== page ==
After I emerged from the reading fog induced by Angelfall, I was a bit befuddeled. I had hunkered down with my kindle, and my friends and family wouldAfter I emerged from the reading fog induced by Angelfall, I was a bit befuddeled. I had hunkered down with my kindle, and my friends and family would have had to pry it out of my cold, dead fingers in order to get me to set it aside. The writing and premise were that good. But….
(Don’t you just hate seeing a “but” in a review when you are invested in a great story???)
The ending, I think, may have been cheap. As in garbage cheap. For much of the story, I felt as though I was reading The Walking Dead, only with Angels rather than Zombies and one kick ass heroine that had my fist pumping the air saying “Hell yes!”. I was loving every minute of my reading experience. It had me on the edge of my chair. My palms were clammy, and I’m sure I looked a little pasty, as being un-nerved has a way of making me look like death warmed over. But that ending… I just can’t shake the feeling that Ee lacked enough confidence in her story to omit the Hostel-like elements. And they were Hostel-like. Nothing but gore and shock value. It added nothing to her story. She could have furthered it without the perversity. So…I took away a star. But you better believe that I’m going to be wringing my hands in anticipation for the next installment. Because in spite of the cheaply added element, I still love the adventure Ee has created, and am excited to continue on, I just hope she doesn’t ruin it. ...more
I’ve been wracking my brain all morning trying to write an apt summarySome books leave awesomeness in their wake. Under the Never Sky is one of them.
I’ve been wracking my brain all morning trying to write an apt summary to describe what transpires within this book. The one provided by goodreads is just as chaotic as Under the Never Sky’s first chapter. Filled with names of characters we don’t know, discussing a world we don’t understand. Yet I’m going to try anyway. I don’t want readers to give up on this book two chapters in as I thought of doing.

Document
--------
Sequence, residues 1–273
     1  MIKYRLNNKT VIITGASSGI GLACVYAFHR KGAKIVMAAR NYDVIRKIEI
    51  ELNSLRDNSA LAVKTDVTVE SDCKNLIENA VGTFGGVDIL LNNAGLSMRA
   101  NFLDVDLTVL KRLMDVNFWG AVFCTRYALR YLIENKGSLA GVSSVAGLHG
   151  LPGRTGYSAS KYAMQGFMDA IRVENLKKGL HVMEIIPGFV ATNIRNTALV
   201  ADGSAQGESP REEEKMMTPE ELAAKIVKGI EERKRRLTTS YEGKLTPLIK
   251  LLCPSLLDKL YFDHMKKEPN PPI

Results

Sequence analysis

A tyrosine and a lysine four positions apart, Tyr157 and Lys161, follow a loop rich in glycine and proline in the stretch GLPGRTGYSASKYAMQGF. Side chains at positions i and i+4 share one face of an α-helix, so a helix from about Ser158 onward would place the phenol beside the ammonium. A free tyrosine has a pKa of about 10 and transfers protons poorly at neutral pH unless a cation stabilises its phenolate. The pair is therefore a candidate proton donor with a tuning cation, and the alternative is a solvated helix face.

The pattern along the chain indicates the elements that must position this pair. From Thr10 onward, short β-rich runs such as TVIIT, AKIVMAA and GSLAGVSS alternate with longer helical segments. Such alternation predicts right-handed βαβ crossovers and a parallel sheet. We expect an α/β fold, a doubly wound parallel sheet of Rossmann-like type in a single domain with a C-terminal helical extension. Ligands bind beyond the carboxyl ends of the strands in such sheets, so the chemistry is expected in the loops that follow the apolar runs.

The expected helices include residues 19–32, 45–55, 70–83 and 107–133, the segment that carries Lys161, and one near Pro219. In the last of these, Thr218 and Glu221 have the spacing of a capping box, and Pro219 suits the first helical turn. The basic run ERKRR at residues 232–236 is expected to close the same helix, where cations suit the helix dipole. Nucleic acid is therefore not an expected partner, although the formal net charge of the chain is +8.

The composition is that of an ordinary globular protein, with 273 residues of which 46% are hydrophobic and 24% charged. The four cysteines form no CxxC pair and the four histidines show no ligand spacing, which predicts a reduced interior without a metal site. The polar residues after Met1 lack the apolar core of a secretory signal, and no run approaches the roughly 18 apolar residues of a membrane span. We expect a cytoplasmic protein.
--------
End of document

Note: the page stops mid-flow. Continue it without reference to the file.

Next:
Under the Never Sky takes place in the distant future. Our world has been ravaged by atmospheric storms, forcing individuals to live in self sustaining nuclear proofed structures called pods. These individuals, referred to as dwellers, are not accustomed to life outside the pods and do not leave their premises. To ensure quality of life, and attempt to strive off insanity that coincides with self-imposed confinement, the dwellers have created virtual worlds, known as realms in which they can enjoy entertainment, adventure, mundane activity and even sex. Naturally, if a dweller were to leave the safety of the pods, death would seem immanent given their lack of survival know how. Yet pod living is not the only lifestyle that exists in the world of Under the Never Sky. Others have managed to survive the storms, and have chosen to live outside the pods, as nature intended. These others are known as savages. Unlike the dwellers, their access to technology is limited, but they aren’t exactly void of perks…
Under the Never Sky tells the story of Aria, a dweller girl, and Peregrine (aka Perry), a savage boy, who meet under coincidental circumstances, and are bound together by a chain of events resulting from their first encounter. Filled with action, friendship, love and adventure, Under the Never Sky makes for an enchanting reading experience. Just stick it out through those first few chapters. I promise goodies lie within, including a horrendously embarrassing period lesson and some sexy time. Kudos to Rossi for adding both elements into her story. She is a literary badass. ...more
I don’t know whether or not I should be delighted or dejected at having read what I consider to be a 5 star worthy book. I’m overjoyed at having invesI don’t know whether or not I should be delighted or dejected at having read what I consider to be a 5 star worthy book. I’m overjoyed at having invested my time and money so wisely, as Legend is filled with so much win that it’s very pages practically bleed awesomeness. And yet I’m left with this nagging suspicion that none of the predecessors will live up to this installments glory. I hope that I am wrong, as I am already wringing my hands together in anticipation of what will happen next.
So what’s so glorious about this book?
The story, which is told in present tense. Oh how I heart present tense when used in dystopias. It fosters that break neck pace that I so love to dwell in whilst reading this genre. Even better, Legend offers alternating points of view, eliminating that unreliable narration crap that makes me want to grit my teeth. The characters may be left in the dark, but the readers are not.